Participants were supervised at all times by at least one research staff member, and research staff will instruct participants on the timing of performance tests and breaking up sitting. A combination of actigraphy and polysomnography was used to monitor sleep during all sleep periods.
Intervention code [1] 315833 0
Behaviour
Intervention code [2] 315916 0
Treatment: Other
Intervention code [3] 315917 0
Lifestyle
Comparator / control treatment
Participants will be randomly assigned at the individual level to a sedentary or breaking up sitting condition. Those in the sedentary condition are the control group, and will not be physically active during the dayshift or nightshift. Participants will walk to the kitchen and the bathroom, but otherwise no physical activity will be done.
Control group
Active

Outcomes
Primary outcome [1] 321732 0
Interstitial glucose is the primary outcome and will be collected during the study as a cardiometabolic marker.
Timepoint [1] 321732 0
The interstitial glucose sensor will be inserted at 9am on day 2 (baseline) and removed at 8am on day 7 (endpoint).
Secondary outcome [1] 376032 0
Blood pressure will be measured using an automated oscilometric blood pressure monitor as a secondary cardiometabolic marker
Timepoint [1] 376032 0
Every hour from 9am to 5pm in the dayshift condition (days 2-6) and every hour from 10pm to 6am in the nightshift condition (days 2-6).
Secondary outcome [2] 376033 0
The first of the multiple secondary outcomes is sleep quality. This will be assessed using polysomnography. Some markers of sleep quality are total sleep time, sleep efficiency and slow wave sleep.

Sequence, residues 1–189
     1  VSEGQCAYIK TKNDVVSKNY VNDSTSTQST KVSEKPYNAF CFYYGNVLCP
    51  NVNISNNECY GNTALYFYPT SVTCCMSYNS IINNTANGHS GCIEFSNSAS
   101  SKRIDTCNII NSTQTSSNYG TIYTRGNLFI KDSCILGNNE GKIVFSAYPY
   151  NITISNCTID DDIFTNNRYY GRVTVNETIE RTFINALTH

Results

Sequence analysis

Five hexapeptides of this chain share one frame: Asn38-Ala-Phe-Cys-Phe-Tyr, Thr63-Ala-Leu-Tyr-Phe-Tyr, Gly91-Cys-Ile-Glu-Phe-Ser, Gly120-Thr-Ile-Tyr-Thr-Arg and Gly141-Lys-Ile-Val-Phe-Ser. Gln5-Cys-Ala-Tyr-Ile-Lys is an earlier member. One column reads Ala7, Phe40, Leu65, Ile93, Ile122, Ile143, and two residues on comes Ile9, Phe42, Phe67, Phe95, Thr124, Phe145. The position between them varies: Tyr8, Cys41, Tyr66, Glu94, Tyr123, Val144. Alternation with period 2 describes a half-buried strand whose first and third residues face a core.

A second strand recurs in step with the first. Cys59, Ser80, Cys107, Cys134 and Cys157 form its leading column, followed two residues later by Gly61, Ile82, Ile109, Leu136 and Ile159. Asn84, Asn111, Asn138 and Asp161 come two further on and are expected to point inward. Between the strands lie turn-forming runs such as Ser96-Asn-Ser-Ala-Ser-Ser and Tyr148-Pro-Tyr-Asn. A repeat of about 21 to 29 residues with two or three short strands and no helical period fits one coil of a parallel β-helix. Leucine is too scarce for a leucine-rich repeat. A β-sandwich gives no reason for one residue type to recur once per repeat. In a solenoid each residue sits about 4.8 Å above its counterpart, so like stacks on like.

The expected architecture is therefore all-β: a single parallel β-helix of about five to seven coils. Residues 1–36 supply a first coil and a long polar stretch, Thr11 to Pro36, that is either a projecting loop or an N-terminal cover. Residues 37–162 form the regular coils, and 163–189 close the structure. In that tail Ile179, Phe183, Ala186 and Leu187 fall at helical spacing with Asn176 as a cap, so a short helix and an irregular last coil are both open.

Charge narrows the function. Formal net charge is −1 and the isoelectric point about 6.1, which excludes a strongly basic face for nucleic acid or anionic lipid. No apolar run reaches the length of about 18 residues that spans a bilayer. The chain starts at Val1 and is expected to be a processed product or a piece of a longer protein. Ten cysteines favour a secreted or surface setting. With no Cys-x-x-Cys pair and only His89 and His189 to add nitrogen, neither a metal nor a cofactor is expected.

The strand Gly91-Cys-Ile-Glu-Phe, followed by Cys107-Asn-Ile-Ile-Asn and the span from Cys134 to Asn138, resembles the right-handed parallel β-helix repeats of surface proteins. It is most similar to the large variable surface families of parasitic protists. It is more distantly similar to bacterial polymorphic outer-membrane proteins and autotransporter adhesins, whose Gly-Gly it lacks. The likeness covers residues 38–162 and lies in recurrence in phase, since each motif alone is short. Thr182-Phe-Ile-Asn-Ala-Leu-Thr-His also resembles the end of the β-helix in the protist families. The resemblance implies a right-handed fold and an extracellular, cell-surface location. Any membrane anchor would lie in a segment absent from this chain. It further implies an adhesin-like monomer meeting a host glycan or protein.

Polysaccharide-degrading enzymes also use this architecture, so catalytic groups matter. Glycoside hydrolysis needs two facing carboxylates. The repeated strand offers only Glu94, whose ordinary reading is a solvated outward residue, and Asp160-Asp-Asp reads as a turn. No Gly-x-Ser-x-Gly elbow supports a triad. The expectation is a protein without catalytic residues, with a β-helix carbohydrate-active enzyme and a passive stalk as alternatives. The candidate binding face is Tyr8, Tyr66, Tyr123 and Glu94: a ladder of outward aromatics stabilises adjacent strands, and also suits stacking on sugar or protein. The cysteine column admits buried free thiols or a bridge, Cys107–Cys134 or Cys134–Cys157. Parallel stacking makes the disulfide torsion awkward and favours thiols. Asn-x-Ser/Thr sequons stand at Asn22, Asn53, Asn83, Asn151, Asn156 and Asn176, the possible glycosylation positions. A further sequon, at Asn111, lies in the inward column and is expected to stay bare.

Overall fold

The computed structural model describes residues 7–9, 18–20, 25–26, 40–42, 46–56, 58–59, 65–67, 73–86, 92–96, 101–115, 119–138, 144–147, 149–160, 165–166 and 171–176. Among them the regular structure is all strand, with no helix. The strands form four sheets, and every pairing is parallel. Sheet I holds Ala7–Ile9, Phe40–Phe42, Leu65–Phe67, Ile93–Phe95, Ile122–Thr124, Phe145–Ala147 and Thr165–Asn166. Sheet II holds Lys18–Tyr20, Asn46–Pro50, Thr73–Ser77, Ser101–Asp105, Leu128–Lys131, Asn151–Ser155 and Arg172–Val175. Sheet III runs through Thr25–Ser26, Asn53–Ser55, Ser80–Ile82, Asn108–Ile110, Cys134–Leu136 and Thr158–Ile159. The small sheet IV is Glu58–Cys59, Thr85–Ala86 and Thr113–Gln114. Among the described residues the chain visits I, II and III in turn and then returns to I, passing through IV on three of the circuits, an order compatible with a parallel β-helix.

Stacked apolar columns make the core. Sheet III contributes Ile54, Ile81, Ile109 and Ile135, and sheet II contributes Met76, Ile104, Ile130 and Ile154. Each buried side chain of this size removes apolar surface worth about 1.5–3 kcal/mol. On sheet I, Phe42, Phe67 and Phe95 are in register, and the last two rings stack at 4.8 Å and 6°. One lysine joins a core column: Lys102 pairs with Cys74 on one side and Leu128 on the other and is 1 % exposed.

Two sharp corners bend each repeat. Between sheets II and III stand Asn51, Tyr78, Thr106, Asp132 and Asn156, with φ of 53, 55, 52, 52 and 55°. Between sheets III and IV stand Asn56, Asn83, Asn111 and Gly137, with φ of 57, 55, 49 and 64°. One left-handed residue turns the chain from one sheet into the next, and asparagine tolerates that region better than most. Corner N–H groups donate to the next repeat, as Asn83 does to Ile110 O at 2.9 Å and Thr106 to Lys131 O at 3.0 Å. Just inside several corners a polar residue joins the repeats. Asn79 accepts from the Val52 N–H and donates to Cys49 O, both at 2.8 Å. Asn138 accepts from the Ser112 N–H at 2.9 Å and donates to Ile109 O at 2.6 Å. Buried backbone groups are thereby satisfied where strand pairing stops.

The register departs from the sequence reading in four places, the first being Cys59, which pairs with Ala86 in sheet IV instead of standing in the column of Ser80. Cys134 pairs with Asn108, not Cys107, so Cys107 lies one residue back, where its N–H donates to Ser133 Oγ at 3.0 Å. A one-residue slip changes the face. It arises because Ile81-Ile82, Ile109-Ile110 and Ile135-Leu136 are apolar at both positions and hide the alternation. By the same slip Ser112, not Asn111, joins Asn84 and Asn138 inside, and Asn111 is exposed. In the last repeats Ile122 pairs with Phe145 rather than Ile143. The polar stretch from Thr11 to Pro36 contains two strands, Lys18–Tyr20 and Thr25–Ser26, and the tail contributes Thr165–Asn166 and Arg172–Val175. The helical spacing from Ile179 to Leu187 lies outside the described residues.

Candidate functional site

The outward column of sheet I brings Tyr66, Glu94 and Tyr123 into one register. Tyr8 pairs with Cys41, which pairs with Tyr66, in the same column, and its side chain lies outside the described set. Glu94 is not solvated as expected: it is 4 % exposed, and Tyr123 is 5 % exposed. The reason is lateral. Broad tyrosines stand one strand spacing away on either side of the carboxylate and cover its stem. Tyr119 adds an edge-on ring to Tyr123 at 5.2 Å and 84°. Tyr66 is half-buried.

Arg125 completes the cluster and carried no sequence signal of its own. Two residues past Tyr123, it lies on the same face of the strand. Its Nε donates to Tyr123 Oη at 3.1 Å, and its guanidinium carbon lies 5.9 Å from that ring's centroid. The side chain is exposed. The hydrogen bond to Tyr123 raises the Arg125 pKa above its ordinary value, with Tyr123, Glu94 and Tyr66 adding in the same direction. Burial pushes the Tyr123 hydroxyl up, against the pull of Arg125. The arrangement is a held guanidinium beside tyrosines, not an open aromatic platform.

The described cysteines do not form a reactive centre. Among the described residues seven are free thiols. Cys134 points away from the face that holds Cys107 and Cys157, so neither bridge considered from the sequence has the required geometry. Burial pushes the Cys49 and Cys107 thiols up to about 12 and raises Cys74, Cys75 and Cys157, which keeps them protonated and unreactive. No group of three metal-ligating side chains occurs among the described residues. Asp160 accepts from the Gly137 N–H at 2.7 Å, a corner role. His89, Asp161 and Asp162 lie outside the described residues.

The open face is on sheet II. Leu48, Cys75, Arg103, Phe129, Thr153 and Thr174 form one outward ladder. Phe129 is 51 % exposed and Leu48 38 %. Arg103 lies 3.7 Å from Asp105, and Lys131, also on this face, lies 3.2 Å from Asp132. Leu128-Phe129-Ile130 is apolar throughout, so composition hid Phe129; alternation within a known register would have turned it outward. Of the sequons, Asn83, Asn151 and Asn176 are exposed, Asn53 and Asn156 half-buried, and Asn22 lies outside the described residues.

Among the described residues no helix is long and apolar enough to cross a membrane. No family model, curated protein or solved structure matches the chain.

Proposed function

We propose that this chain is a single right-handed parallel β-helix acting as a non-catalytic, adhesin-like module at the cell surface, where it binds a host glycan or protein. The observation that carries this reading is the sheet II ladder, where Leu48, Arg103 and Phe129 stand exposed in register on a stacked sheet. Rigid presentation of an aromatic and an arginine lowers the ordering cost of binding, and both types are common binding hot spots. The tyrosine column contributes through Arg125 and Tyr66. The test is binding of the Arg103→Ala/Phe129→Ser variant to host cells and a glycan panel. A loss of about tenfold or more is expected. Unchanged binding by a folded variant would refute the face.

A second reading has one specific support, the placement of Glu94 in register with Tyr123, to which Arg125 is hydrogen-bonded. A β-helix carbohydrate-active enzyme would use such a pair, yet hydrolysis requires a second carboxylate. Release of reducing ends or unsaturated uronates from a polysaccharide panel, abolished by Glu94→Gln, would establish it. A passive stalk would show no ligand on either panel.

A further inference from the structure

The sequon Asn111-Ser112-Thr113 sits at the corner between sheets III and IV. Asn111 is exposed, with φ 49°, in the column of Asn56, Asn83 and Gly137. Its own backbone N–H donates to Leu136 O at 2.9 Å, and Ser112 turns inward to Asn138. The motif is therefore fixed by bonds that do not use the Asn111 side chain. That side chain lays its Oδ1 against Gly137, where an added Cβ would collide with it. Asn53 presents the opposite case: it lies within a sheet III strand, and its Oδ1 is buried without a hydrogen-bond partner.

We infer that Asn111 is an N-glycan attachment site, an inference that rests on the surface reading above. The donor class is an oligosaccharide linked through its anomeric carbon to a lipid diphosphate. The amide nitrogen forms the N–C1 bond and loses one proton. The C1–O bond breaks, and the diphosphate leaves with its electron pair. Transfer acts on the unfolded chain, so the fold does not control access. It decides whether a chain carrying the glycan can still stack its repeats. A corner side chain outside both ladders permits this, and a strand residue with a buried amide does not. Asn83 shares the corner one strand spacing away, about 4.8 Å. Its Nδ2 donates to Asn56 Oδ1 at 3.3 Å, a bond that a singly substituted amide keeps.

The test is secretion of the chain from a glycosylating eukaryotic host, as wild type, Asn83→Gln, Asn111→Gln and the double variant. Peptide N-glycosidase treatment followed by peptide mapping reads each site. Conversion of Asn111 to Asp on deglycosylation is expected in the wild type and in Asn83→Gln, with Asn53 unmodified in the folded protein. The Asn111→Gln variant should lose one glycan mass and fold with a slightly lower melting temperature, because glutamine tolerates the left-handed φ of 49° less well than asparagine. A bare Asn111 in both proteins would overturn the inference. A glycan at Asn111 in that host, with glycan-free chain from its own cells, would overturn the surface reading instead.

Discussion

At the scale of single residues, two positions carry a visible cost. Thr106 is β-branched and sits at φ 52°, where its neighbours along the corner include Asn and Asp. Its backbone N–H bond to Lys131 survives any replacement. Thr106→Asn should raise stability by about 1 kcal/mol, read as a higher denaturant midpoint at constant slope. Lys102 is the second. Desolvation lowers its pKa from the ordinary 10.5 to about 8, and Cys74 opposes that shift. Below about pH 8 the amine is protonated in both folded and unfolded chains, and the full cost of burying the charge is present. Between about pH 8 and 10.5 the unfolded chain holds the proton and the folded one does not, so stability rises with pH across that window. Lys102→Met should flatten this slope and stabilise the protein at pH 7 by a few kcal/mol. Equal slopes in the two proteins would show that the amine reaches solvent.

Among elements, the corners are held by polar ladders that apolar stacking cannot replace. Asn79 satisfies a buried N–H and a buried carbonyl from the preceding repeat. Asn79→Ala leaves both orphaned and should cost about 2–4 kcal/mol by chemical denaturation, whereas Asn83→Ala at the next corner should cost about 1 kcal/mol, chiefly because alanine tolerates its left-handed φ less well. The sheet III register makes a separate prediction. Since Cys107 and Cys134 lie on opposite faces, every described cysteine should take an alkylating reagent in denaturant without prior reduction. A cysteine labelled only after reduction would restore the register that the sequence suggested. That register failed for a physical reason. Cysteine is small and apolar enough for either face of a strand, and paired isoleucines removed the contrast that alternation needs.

Timepoint [2] 376033 0
Sleep quality was recorded on arrival night and the recovery night (day 6), and in the dayshift condition, it was recorded during every night sleep opportunity on days 2-6. In the nightshift condition, the daytime nap was recorded on day 2, and each daysleep opportunity on days 2-6. Sleep was recorded every 30 seconds during each sleep period, using standard Polysmonography recordings,
Secondary outcome [3] 376034 0
Karolinska Drowsiness Test will be performed as a standardised test of waking EEG to measure objective sleepiness levels
Timepoint [3] 376034 0
On days 2-6 at 8:40am and 6pm for the dayshift condition, and on days 2-6 at 9:40pm and 7am for the nightshift condition.
Secondary outcome [4] 376256 0
Cognitive performance will be assessed by a battery of cognitive tests including: psychomotor vigilance task (vigilant attention task), digit substitution task (working memory), and an addition/subtraction task (cognitive throughput), simulated driving task (vigilant attention)
Timepoint [4] 376256 0
The simulated driving task was performed on days 2-6 at 8am and 5:30pm in the dayshift condition, and at 9pm and 6:30am in the nightshift condition. The psychomotor vigilance task, digit substitution task, and addition/subtraction task were performed on days 2-6 at 9am, 11am, 1pm, 3pm and 5pm in the dayshift condition, and at 10pm, 12am, 4am, and 6am on days 2-6 in the nightshift condition.

Eligibility
Key inclusion criteria
Adults aged 18-35 years, BMI normal to overweight (20-30kg/m2), non-smoker, no current health concerns including no previous or current diagnosis of psychiatric and/or neurological problems or sleep disorder, habitual bedtime between 10pm to 12am and habitual waketime between 6am and 8am, no shiftwork in the previous three months, no current medication use, consumption of less than 10 standard alcoholic beverages/week, caffeine consumption less than 3 cups/day, no habitual napping habits, no trans-meridian travel in the previous 4 weeks, fluent English speaker, not pregnant.
Minimum age
18 Years
Maximum age
35 Years
Gender
Both males and females
Can healthy volunteers participate?
Yes
Key exclusion criteria